I've always had a 'clothes horse' as we call them.. never had a tumble dryer... ours sits there when needs be, just at the top of the stairs, snuggled in the corner, which seems to be one of the wamrest plces in the house. Clothes go there if need be or hopefully outside.... where nature does it for me, no sunshine here atm but we do have wind!
I imagine there won't be many more days when I'll be able to hang clothes out. Apparently we're being promised an unusually wet autumn. Ha!
I use wooden clothes horses too. I originally bought one for wet weather, but now have two and I rarely hang things out of doors now.
I agree about the fresh smell, but there is also the bird problem, and the blowing down problem, both of which result in rewashing.
Also, I used to have to iron clothes dried out of doors. I can't remember when I last got out the iron - with careful hanging, things dry as if ironed.
But this is only since I lived alone - I doubt if I could have managed like this with family washing.
We don't seem to have any trouble with birds. And the backyard is so sheltered the wind's not a problem either.
I've done a wash two days on the run- mainly so I could take advantage of the sunny weather.
One of the best things about my new apartment is the clothesline outside. When I first moved in I only hung out my bed linens - after all, there IS a golf course next door. But as time has gone on I have started hanging all or most of my laundry outside. Like you, I depend on the weather and a maiden, I guess, is out of the question for me. Some of my stuff now has to be ironed - and even that is kind of nice (although not on the really hot days...)
It's good to hang clothes outside. I like to think they smell better too.
They do...especially if it's a windy day.
I love the smell of my bed sheets when they have dried and aired outside...
We used to hang clothes out exclusively when I was a young girl, which was a bit embarrassing since we were right on a relatively busy road, with nothing between us and said road but the alley backing the parking lot for the neighborhood grocery store.
And, also, because my mother and grandmother figured the best place to hang the underwear was right by the alley/lot, since it was the stuff least likely to be swiped off the line.
And the smell all that traffic left in the clothes was less than refreshing.
That said, it was better than winter, when they strung lines through the basement and dried clothes down there...
It's been sunny all day, I just brought the clothes in and they're beautifully dry, God's in his heaven, all's right with the world.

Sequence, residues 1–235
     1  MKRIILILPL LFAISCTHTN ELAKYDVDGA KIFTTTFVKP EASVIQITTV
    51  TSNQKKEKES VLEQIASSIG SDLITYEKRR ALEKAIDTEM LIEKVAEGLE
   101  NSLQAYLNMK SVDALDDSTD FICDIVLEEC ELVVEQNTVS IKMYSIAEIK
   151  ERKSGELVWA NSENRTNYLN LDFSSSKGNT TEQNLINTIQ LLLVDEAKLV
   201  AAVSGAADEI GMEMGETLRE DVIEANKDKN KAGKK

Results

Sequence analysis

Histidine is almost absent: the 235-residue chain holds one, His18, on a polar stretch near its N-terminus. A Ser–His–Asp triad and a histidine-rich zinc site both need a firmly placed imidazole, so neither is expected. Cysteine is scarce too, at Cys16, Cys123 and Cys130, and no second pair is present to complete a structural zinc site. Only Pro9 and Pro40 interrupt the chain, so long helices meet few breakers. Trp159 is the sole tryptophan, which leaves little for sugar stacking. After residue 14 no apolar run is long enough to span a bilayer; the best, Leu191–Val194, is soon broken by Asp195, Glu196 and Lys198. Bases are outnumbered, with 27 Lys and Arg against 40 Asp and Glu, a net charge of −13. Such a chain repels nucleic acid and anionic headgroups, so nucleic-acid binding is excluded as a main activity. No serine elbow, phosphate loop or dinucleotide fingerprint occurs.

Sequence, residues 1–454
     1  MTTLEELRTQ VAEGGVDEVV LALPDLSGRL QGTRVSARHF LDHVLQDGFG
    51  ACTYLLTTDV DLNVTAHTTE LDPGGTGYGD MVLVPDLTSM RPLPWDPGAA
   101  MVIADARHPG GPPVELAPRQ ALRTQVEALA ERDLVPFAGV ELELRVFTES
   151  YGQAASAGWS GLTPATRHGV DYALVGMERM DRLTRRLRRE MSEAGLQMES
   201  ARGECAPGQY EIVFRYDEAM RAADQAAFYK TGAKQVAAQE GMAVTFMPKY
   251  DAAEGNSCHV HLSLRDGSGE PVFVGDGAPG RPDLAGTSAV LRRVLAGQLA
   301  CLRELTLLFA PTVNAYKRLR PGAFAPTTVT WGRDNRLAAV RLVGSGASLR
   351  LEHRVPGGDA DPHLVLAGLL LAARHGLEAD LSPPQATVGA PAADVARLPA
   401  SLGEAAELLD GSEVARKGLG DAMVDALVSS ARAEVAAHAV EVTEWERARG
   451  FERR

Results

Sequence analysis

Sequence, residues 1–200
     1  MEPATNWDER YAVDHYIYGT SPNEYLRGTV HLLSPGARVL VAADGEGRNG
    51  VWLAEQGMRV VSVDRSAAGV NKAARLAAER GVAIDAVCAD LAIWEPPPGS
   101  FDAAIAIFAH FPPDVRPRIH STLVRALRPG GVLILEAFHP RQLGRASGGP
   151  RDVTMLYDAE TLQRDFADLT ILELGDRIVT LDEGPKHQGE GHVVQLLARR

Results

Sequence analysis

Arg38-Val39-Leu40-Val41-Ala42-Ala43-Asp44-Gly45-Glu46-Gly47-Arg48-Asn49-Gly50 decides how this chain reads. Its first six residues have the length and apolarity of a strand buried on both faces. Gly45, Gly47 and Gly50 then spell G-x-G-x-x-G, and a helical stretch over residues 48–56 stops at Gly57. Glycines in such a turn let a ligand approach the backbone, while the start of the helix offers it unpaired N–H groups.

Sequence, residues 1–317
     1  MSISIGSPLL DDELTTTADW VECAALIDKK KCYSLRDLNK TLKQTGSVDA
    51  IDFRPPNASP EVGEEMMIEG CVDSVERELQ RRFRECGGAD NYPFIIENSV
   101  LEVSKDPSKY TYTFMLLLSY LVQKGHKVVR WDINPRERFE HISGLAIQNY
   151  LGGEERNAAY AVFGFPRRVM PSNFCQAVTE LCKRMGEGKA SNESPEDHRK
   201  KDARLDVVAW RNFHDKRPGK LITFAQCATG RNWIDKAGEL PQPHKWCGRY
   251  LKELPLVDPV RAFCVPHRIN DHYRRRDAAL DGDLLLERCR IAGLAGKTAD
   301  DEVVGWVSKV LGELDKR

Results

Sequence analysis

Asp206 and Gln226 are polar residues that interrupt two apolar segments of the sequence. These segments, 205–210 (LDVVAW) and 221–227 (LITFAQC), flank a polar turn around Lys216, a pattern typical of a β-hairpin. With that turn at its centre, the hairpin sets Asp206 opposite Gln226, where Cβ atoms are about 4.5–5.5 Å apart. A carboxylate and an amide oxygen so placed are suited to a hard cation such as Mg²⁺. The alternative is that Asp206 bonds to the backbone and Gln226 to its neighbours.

We have one of those maidens as well; unfortunately our back yard is lorded over by a black walnut tree that drips walnut shells and stain on anything beneath it during squirrel-feeding season. When we use it, it's relegated to the cellar.
I imagine there are compensations.
Is that the tree in your icon?
Do you eat the walnuts?
Yes, that's the tree.
Alas, the squirrels are quicker than we are and grab all the walnuts before we can get any. One of these days a walnut will fall from the tree and hit me on the head. Our outdoor grill has a couple of nice dents in it from last year's walnuts' falling. One even bounced off a window ledge and broke a window pane. (!)
This morning, it was very loud in the backyard from the noise of squirrels peeling walnuts up in the trees. It's those bits of husk that rain down and stain things.
I don´t own a tumble dryer in Spain. They´re actually still quite rare in homes there although they are seen more in the shops nowadays. For over 30 years I´ve always used a clothes line and a folding rack. Of course our climate in Seville is a fairly dry one except in fall and winter and even then we have a lot of sunny days. I have to chuckle at the thought of my mum turning over in her grave when I hang out the clothes. Even though she did the same thing when we were children, the day she finally got a tumble dryer she declared she´d never hang anything out again and said it was one step more in freeing women from the drudgery of house work.
Hanging things out on the line doesn't seem too much like drudgery to me. As household jobs go. I quite enjoy it. And there's something envigorating about a line of washing flapping in the breeze.
I guess we have to take into account that this was in the 1950´s and all the conveniences weren´t in common use or hadn´t been invented. I think it was much harder work keeping a clean house then than it is now.
Personally, I don´t mind hanging out the clothes at all and that´s why I chuckle when I remember my mother´s attitude.
I forgot to say that I've never owned a tumble dryer, so I've no idea how much things need ironing if you use one. And aren't they hard on the clothes? I've a vague idea that you have to clean fluff out of them, which suggests a good deal of "wear and tear" on the fabric.
I've had clothers destroyed by a tumble drier- but not the one we've got at the moment.
Yes, you have to clean the lint trap after every session and it can be a little alarming to see how much fluff the clothes have shed.